Magazine article The Advocate (The national gay & lesbian newsmagazine)

Southern Injustice: The Chief Justice of Alabama Calls Homosexuality "An Inherent Evil," and a Mississippi Judge Says Gay People Should Be Institutionalized. Can Equal Justice Be Found South of the Mason-Dixon Line? (Court)

Magazine article The Advocate (The national gay & lesbian newsmagazine)

Southern Injustice: The Chief Justice of Alabama Calls Homosexuality "An Inherent Evil," and a Mississippi Judge Says Gay People Should Be Institutionalized. Can Equal Justice Be Found South of the Mason-Dixon Line? (Court)

Article excerpt

Coming from the state's top jurist, the words of Alabama supreme court chief justice Roy Moore were extraordinary even for the Bible Belt. Adding his concurring opinion to the court's decision in a gay parent's custody case. in February, Moore stated that homosexuality is "an inherent evil, an act so heinous that it defies one's ability to describe it."

The "homosexual conduct of a parent," Moore asserted, is sufficient justification for denying him or her custody of a child; simply exposing children to such behavior "has a destructive and seriously detrimental effect." Homosexuality is "abhorrent, immoral, detestable, a crime against nature," Moore stated, and government has the power "to prohibit conduct with physical penalties, such as confinement and even execution."

The comments by Moore, who first gained notoriety as a circuit judge who insisted on hanging a plaque of the Ten Commandments in his courtroom, touched off a furor and demands for his resignation. But more broadly, his diatribe has helped raise this question: Can gay people find justice in the South?

While judicial prejudice appears everywhere, an overwhelming majority of cases infected with antigay bias come from Southern states, says Kate Kendell, executive director of the San Francisco-based National Center for Lesbian Rights.

"One of the very first questions we ask during an intake is where the person is calling from," Kendell says. "And when they say a Southern state, we know automatically that advocating on their behalf is going to be more difficult--solely because we will have a fair possibility of getting a judge who will be incapable of rendering an objective, open-minded ruling."

Just a few weeks after Moore issued his opinion, a Mississippi judge stole the spotlight from him. George County court judge Connie Glenn Wilkerson, in a letter to the local newspaper, wrote that he was sorry California had approved a law granting same-sex partners the right to sue for wrongful death. "In my opinion, gays and lesbians should be put in some type of a mental institution instead of having a law like this passed for them," he wrote.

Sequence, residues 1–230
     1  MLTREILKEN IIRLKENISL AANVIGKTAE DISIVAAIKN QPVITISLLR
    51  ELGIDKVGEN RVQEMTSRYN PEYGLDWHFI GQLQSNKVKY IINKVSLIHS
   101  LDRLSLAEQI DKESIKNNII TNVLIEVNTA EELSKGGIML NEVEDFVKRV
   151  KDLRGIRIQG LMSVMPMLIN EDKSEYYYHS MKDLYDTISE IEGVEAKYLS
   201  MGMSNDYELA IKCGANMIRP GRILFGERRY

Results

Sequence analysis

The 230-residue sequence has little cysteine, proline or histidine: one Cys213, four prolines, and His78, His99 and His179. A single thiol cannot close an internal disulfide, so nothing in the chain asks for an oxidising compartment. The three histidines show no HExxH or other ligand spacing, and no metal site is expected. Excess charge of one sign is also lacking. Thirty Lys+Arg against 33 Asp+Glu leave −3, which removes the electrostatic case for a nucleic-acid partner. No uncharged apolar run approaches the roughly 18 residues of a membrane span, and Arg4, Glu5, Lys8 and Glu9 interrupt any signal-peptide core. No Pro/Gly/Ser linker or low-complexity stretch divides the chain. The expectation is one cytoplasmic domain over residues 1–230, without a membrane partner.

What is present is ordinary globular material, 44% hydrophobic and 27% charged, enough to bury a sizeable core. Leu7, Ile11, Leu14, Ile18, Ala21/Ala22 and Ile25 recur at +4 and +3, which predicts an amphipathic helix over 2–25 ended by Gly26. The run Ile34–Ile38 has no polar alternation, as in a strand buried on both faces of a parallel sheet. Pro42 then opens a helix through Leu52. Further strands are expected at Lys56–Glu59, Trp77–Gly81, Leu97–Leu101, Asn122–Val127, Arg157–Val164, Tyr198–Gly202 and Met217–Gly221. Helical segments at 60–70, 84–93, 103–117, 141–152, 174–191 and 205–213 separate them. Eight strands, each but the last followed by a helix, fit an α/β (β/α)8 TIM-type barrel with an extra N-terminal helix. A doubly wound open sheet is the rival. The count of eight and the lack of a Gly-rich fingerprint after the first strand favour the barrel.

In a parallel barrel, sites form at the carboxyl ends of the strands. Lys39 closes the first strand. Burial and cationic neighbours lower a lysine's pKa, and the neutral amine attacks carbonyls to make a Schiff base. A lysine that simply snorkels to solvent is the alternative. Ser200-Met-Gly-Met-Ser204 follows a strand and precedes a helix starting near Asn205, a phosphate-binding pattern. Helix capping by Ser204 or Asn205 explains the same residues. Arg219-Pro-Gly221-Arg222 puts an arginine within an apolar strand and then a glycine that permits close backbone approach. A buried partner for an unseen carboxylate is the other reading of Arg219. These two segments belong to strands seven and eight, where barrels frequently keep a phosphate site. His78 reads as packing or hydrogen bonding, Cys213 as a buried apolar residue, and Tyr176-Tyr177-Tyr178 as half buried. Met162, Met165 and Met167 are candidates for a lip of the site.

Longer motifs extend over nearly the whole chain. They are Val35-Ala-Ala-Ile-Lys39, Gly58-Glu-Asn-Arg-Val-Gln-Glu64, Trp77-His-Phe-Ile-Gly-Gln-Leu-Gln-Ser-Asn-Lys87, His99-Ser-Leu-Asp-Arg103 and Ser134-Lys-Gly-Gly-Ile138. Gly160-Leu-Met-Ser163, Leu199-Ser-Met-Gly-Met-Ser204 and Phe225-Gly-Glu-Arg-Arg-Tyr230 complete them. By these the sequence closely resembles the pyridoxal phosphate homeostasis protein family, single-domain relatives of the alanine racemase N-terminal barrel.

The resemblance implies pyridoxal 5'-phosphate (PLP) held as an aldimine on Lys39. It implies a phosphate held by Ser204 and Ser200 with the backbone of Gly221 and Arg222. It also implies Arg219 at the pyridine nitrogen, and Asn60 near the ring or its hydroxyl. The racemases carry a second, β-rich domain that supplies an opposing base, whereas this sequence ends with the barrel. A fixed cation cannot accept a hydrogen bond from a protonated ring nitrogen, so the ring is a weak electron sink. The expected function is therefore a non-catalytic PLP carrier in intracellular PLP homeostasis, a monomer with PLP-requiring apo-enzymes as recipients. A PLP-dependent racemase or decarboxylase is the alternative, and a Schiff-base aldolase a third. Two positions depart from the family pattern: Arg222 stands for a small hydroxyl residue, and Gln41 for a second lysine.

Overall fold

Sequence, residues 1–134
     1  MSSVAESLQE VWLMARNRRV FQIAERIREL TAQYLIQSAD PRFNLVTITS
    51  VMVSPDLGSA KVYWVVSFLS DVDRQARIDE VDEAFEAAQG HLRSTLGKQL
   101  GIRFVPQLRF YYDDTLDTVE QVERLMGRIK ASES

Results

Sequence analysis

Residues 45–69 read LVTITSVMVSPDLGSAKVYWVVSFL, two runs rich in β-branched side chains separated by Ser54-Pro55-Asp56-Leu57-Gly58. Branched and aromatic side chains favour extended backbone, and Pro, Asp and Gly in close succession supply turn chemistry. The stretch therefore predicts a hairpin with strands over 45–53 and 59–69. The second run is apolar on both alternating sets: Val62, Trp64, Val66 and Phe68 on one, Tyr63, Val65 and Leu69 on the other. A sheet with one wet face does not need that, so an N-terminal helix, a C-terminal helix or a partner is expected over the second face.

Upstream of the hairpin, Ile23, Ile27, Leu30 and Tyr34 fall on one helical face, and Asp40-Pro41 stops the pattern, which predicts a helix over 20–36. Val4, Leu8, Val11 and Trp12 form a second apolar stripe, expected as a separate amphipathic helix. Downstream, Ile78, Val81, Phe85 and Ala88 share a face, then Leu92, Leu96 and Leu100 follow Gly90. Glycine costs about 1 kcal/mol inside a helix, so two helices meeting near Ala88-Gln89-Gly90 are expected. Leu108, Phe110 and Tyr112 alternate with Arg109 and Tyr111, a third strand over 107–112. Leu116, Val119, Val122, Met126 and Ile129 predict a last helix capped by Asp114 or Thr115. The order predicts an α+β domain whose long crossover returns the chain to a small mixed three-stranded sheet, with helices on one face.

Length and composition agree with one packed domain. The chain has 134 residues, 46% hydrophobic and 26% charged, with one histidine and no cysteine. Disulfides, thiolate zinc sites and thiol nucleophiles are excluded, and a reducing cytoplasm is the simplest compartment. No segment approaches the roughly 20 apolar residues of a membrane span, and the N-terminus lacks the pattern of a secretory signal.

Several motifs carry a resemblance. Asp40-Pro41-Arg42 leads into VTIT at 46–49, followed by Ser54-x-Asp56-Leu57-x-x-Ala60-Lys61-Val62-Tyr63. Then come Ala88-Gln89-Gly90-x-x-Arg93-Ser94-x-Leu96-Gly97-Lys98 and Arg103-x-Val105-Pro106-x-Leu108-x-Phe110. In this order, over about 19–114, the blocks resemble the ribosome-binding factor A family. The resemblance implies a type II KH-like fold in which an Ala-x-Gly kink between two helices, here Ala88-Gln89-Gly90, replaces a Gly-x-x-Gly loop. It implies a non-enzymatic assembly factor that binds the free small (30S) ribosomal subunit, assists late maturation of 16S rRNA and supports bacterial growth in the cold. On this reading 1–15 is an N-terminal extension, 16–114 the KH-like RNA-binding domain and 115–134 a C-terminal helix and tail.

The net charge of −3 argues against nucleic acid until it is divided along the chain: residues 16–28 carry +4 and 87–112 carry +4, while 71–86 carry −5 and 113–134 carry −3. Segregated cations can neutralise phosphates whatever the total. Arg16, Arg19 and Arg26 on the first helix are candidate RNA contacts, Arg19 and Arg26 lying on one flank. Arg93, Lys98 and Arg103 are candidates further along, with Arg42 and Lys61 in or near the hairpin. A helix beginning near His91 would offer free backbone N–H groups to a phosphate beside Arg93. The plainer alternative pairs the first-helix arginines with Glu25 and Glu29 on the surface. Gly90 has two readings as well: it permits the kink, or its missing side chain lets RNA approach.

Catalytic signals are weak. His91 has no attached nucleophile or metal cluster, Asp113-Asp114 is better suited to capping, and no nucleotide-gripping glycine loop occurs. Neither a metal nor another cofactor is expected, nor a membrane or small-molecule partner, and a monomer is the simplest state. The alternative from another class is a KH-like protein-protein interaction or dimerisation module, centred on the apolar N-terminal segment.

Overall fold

New York City-based Lambda Legal Defense and Education Fund filed ethics complaints against both Moore and Wilkerson. In its Alabama complaint, the group noted that Moore based his opinion on his own interpretation of the Bible and asserted, "Impartiality ... requires that a judge set aside personal biases and beliefs, religious or otherwise." Says Hector Vargas, director of Lambda's Southern regional office: "Rather than displaying a fair and open mind ... the judge blindly condemns gay people and explicitly refuses to rule based on the actual evidence in a case."

Lambda's complaint against Wilkerson was fried jointly with gay rights advocacy group Equality Mississippi. "How can anybody say [gays] should all be put in mental institutions and yet be able to judge them fairly?" Lambda attorney Greg Nevins asks. "That does not make sense." Even though Wilkerson's comments were made outside his judicial activities, Nevins says they call "into serious question" whether the judge could decide cases impartially. Vargas adds that Lambda is "extremely concerned about the rash of antigay statements from judges," saying, "These kinds of statements make gays and lesbians feel that the justice system is closed off to them."

One of the most egregious examples of judicial prejudice, Kendell says, occurred in Pensacola, Fla. …

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